His Rap Career
When last we heard from Why? confessionalist Yoni Wolf, he was making the "least hip-hop" album of his career. Eskimo Snow, the 2009 sister-set to 2008's great Alopecia, circled the same lyrical themes that Wolf has been forever stalking —endless neuroses, basically— but did so entirely sung; Wolf putting away his nasal, sneering flow to carol quietly over sad piano ballads.
For his fifth album, Wolf is back rapping; or, at least, his own approximation of it. "Sod in the Seed" and "Jonathan's Hope" both reintroduced listeners to Wolf on the prowl, and the latter opens this LP with a smirking study of disease, dead birds, and deathbeds; another confessional in a career of them (and joining "By Torpedo or Chron's" as making Wolf's penchant for overshare of the bodily, disease-riddled kind). Both Wolf brothers —Yoni and offsider Josiah— contracted mumps mid a European tour in 2008, and, eventually, the feeling of fighting off illness lead both Wolf brothers to relocate to Ohio, after 15 years in the Bay.
Mumps, etc., is a catalog of that time, and is the sound of Wolf getting his swagger back; he refers to his "rap career" at one point. Sure, he's still talking about his "life-long bouts with depression," too ("I am not okay, boys," he sings, blithely, on "Strawberries"), but after the frozen sadness of Eskimo Snow, hearing his rapid-fire rhymes set against the deep bottom-end and curiously-orchestrated arrangements is like watching him shadowbox. Mumps have not felled this man.
His Modicum of the Truth
The orchestrations on Mumps, etc. come partly from the members of Why?, who play an array of intricate percussion instruments as well as the regular piano/keys/guitar/bass/drums. There's also kids from the North Texas music school; who were recruited whilst the album was recorded in Denton, Texas. There's horns on "White English," strings on "Bitter Thoughts," a harp on "Waterlines," and vocal harmonies throughout from Josaiah's wife, Liz Wolf.
Yet, even if the instrumentation colors recent Why? records, anyone listening is listening for Yoni's lyrics. "Men and women might yet quote his modicum of the truth/but they will never get right close to Jonathan Ovrim Wolf," Wolf says, coming across a question I once asked him as he embraces his quotablity amongst fans. And, after Mumps, etc., they've got a whole new record to quote from.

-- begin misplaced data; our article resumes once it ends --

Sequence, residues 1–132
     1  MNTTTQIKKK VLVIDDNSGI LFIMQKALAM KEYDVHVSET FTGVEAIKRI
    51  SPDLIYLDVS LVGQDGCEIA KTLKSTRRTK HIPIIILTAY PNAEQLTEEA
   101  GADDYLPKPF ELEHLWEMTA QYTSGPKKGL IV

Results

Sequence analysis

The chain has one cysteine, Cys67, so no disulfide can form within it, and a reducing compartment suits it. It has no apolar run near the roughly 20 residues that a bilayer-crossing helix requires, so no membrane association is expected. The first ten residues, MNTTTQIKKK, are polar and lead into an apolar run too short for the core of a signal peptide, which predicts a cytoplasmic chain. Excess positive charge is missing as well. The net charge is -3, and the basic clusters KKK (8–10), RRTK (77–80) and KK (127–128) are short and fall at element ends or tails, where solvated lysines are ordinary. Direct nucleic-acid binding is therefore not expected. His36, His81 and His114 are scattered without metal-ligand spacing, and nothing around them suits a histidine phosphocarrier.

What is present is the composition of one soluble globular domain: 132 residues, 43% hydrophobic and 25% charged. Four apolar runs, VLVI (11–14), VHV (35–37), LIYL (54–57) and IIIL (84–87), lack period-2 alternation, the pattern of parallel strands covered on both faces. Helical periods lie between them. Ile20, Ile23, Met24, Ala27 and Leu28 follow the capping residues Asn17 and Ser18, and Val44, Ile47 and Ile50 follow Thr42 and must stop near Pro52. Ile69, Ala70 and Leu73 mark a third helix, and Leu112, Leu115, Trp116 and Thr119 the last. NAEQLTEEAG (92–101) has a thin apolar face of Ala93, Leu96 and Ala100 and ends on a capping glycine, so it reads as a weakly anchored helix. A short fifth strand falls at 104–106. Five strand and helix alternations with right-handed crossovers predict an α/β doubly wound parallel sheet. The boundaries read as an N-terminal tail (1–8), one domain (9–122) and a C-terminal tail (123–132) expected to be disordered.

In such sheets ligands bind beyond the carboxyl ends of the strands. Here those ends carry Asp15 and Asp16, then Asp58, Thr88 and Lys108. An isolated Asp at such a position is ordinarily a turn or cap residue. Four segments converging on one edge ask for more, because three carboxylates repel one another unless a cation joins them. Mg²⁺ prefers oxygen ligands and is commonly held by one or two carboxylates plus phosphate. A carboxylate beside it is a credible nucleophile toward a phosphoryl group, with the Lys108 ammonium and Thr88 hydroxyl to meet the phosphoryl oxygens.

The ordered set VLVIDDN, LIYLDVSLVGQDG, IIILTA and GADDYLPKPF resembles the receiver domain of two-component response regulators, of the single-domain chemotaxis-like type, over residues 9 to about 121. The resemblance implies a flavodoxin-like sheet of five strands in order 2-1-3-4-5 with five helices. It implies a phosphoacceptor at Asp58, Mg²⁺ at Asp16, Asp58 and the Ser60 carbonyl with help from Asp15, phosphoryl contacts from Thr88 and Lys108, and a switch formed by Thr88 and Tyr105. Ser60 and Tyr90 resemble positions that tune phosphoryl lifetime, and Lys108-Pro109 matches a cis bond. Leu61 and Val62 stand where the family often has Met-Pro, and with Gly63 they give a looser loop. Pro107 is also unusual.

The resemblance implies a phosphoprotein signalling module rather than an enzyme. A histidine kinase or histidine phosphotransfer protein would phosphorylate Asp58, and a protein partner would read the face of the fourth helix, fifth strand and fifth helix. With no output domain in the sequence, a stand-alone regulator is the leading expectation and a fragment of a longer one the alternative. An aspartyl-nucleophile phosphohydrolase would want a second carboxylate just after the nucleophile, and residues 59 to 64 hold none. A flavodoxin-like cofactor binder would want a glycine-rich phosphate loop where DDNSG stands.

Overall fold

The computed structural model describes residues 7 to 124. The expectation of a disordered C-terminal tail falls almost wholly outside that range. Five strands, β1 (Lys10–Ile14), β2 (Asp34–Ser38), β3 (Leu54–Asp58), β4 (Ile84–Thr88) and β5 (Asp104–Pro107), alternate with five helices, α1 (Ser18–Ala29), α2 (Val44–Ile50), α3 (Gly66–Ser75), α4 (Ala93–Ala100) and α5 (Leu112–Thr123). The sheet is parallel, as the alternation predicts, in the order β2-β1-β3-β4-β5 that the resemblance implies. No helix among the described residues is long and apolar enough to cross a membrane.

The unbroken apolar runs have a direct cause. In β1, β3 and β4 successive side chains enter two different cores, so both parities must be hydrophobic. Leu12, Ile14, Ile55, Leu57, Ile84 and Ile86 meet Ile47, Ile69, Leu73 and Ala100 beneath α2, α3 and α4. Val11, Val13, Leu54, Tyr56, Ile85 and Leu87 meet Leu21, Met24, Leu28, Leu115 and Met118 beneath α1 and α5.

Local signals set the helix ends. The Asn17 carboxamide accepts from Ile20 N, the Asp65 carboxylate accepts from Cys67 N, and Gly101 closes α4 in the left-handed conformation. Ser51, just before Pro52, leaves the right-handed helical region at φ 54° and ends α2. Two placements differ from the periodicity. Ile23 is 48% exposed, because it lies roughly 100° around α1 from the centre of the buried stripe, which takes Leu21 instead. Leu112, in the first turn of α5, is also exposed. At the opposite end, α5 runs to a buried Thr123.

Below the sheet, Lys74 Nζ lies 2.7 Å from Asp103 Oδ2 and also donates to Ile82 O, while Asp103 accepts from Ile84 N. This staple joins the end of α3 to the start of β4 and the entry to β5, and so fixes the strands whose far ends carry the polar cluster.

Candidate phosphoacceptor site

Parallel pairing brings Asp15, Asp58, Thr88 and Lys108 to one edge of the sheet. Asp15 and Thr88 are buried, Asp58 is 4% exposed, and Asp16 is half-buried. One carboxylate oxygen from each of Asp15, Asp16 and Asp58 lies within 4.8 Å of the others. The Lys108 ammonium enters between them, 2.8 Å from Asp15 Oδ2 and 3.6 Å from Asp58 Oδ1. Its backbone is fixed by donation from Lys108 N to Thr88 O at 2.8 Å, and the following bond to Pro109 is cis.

"Hidden down in a pyre of smoke of old movie posters," Wolf begins, in a hilarious riff mid-"Thirst," "G4 motherboards with '90s porn in their cache, and barber's trash, mixed in with the light-floating paper-ration rest, is only just some more smoke rising. No fleeting omen for your eyes only waiting, no ancient mystic spirits rising, or transluscent sage ghosts calmly speaking truths." It's funny, beautiful, and scathing at once; the contrast between man's desire for profundity and his ultimate legacy, refuse, finding profundity at the landfill.
Elsewhere, there's more of Wolf's familiar oeuvre: uncomfortable confessions ("I don't wear rubbers and I don't wear sunscreen"), relationship post-portems (the entirety of the staccato "Paper Hearts"), constant ruminations on mortality, and a catalog of conflicts and contradictory feelings (try: "preemptive nostalgia of the possible but doubtful"). If Eskimo Snow felt like a flirtation with death, Mumps, etc. is an attempt to claw back at life, and embracing it in all its idiocy, its decay, and its dopeness.
Record Label: Anticon
Release Date: October 9, 2012